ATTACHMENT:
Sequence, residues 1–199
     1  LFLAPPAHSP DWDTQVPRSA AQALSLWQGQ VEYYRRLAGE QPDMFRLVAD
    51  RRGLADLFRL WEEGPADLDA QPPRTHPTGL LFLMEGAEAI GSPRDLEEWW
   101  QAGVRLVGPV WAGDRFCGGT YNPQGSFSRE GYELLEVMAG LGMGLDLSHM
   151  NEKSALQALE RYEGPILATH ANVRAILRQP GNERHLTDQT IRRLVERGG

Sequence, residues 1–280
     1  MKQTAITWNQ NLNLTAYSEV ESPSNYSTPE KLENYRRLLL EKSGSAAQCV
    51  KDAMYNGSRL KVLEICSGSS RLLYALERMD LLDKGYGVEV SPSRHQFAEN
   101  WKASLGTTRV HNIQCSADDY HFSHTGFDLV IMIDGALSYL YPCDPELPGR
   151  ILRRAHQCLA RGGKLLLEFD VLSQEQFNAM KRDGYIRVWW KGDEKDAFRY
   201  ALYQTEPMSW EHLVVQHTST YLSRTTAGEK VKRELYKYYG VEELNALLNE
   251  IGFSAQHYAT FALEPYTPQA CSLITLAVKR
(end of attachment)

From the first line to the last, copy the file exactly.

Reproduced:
Sequence, residues 1–199
     1  LFLAPPAHSP DWDTQVPRSA AQALSLWQGQ VEYYRRLAGE QPDMFRLVAD
    51  RRGLADLFRL WEEGPADLDA QPPRTHPTGL LFLMEGAEAI GSPRDLEEWW
   101  QAGVRLVGPV WAGDRFCGGT YNPQGSFSRE GYELLEVMAG LGMGLDLSHM
   151  NEKSALQALE RYEGPILATH ANVRAILRQP GNERHLTDQT IRRLVERGG

Sequence, residues 1–280
     1  MKQTAITWNQ NLNLTAYSEV ESPSNYSTPE KLENYRRLLL EKSGSAAQCV
    51  KDAMYNGSRL KVLEICSGSS RLLYALERMD LLDKGYGVEV SPSRHQFAEN
   101  WKASLGTTRV HNIQCSADDY HFSHTGFDLV IMIDGALSYL YPCDPELPGR
   151  ILRRAHQCLA RGGKLLLEFD VLSQEQFNAM KRDGYIRVWW KGDEKDAFRY
   201  ALYQTEPMSW EHLVVQHTST YLSRTTAGEK VKRELYKYYG VEELNALLNE
   251  IGFSAQHYAT FALEPYTPQA CSLITLAVKR